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Chicago by John Olson

First Date
Royal George Theater


Charlie Lubeck and Dana Parker
What could be more universal than a first date? We've all had them and that mixture of dread, hope and awkwardness is a strange brew people must endure in order to get to a second date. This musical, which ran for four months on Broadway last season, has been made available to Chicago audiences, courtesy of a new commercial production company, First Date LLC. The thing is, even with all the potential pitfalls of a bad first date—dressing inappropriately, not knowing who should pay, making bad jokes, bringing up the subject of exes, it's just not enough to sustain a 90-minute show. And though there are intermittent pleasures in this musical, with book by Austin Winsberg and songs by Alan Zachary and Michael Weiner, it's a struggle for the director and cast to pull together an entertaining show.

They give it their all, though. The guy on this date—a blind date, actually, that very special type of first date—is Aaron, a smart but mildly nerdy corporate finance professional who was left at the altar by his ex-fiancee. He's played by Charlie Lubeck, one of two Equity actors in the cast, and Lubeck is a likable presence with a nice singing voice and frequently a good sense of comic timing. He's not as well matched by Dana Parker, who plays his date, the artist Casey. Parker has the disadvantage of being the female lead in a musical written by three men, who may try to give equal time and equal satirical licks to both genders but really are more sympathetic to the men herein. Casey is pessimistic about the date and works to intentionally sabotage it. We're a good hour into the show before the writers start to flesh her out so that we all don't dislike her as much as she seems to want Aaron to.

The supporting players have better luck—maybe because they don't have to sustain real characters, but rather get to play roles in short scenes that would be more suited for sketch comedy or improv. Shea Coffman, as Aaron's buddy Gabe—who, like the other ensemble members, appears via the thoughts and memories of the two daters—has a winning, macho presence as a self-described professional lover. Adam Fane plays a variety of characters, including Casey's gay best friend, and also has a very clever bit as the imagined son of Aaron and Casey rapping about his mixed-faith upbringing and angst. Coffman and Fane also deliver one of the show's funnier songs, "That's Why You Love Me," in which they play two of the "bad boys" to whom Casey has previously been attracted. The two women in the ensemble have nothing so much fun to play. Anne Litchfield Calderon is Aaron's ex, shown to be a cold, self-centered woman; Cassie Slater is Casey's all-knowing, advice-giving big sister. John Keating has some fun with his role as the gay waiter at the restaurant where Casey and Aaron meet for their date.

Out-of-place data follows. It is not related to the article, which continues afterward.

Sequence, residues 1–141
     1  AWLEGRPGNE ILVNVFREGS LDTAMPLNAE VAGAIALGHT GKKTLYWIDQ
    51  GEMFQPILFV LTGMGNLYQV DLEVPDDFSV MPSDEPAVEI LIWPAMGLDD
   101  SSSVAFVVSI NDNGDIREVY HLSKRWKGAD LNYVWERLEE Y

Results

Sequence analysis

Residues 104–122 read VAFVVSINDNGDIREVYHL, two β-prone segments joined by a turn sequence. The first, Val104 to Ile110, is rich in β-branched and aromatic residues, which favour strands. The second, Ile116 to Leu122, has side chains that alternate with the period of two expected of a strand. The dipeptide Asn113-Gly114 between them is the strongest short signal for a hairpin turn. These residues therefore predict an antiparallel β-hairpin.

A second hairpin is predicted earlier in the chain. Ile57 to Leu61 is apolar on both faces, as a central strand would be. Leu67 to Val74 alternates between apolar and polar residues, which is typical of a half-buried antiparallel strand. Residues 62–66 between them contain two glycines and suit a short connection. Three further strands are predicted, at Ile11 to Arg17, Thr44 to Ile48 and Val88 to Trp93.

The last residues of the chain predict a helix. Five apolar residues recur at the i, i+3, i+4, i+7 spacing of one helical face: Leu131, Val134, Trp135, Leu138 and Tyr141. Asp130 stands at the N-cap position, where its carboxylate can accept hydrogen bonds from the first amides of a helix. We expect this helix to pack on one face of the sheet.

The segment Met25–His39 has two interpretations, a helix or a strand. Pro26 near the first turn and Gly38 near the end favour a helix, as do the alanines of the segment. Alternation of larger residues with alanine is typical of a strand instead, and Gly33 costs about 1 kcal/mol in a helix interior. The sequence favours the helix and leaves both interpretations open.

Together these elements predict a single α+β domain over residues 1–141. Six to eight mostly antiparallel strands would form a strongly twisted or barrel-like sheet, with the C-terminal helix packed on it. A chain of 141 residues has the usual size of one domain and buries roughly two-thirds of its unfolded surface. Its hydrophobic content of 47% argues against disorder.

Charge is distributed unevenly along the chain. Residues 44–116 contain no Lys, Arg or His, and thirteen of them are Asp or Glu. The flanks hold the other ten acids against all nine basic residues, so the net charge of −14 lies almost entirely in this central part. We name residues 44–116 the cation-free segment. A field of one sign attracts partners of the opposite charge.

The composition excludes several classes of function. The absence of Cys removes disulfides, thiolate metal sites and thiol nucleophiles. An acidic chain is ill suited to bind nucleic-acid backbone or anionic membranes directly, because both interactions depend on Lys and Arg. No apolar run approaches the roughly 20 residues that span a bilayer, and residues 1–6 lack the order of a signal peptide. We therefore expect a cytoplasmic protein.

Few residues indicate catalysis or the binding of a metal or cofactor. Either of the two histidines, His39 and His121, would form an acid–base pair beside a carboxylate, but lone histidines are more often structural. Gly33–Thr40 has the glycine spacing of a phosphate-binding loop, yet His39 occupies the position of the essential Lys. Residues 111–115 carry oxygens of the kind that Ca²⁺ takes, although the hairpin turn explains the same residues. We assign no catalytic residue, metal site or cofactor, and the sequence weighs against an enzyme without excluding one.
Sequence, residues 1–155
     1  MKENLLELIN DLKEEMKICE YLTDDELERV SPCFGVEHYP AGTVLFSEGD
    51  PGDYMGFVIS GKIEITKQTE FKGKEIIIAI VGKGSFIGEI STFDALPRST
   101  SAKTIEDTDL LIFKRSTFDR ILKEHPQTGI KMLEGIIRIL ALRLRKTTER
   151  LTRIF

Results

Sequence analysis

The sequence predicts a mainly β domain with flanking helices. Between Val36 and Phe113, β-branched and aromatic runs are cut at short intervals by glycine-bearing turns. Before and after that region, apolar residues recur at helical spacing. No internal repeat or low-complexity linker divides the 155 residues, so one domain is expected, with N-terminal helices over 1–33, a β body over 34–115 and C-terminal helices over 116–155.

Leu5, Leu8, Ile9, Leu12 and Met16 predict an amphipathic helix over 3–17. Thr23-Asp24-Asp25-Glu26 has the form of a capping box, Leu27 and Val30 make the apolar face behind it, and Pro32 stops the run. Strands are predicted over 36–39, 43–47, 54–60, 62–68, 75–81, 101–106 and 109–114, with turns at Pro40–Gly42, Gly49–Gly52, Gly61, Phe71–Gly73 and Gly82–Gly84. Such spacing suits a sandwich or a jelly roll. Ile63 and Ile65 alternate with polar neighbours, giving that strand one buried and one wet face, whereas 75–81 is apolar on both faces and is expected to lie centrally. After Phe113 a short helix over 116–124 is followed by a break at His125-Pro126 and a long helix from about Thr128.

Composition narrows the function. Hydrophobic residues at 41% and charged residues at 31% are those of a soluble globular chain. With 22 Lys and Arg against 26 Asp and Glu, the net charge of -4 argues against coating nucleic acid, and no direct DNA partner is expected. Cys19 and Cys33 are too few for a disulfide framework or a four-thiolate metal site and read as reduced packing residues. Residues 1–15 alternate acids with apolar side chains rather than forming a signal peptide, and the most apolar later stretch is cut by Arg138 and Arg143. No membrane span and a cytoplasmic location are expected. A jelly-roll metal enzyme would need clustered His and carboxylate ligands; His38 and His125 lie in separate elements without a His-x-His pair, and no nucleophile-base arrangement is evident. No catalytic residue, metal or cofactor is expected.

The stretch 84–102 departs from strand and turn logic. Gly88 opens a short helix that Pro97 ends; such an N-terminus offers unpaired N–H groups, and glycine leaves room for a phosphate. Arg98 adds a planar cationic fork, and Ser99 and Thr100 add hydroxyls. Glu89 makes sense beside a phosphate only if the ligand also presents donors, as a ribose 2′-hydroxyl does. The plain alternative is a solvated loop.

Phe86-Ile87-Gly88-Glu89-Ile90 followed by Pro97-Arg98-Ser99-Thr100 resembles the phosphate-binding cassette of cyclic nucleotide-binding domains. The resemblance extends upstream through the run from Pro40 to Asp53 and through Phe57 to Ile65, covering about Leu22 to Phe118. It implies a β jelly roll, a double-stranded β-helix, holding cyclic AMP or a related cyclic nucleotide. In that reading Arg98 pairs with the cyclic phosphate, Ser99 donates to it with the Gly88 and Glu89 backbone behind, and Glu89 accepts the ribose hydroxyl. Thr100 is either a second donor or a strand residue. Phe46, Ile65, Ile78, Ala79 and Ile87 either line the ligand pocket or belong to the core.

Director J.R. Rose keeps the action moving, but he has he cast push way too hard, as if to say, LISTEN ... THIS IS FUNNY! He would have been better off with a more wry touch that would have let the more resonant jokes land on their own recognizability and the more lame jokes just wink at their own lameness. The production does have a good physical look. Thad Hallstein's set design provide a realistic big city bar/restaurant and Raquel Adorno's costumes are believably realistic for the daters (and the waiter) and fanciful for the ensemble's various characters.

Those of us who love the art form appreciate efforts like this to make the musical relevant and appealing to new generations, and it may well be that those who have more recently experienced blind dates will find this a particular hoot. For the rest of us, it's an uneven affair.

First Date is in an open-ended engagement at the Royal George Cabaret, 1641 N. Halsted, Chicago. For tickets and more information visit www.firstdatechi.com.


Photo: Cole Simon

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-- John Olson



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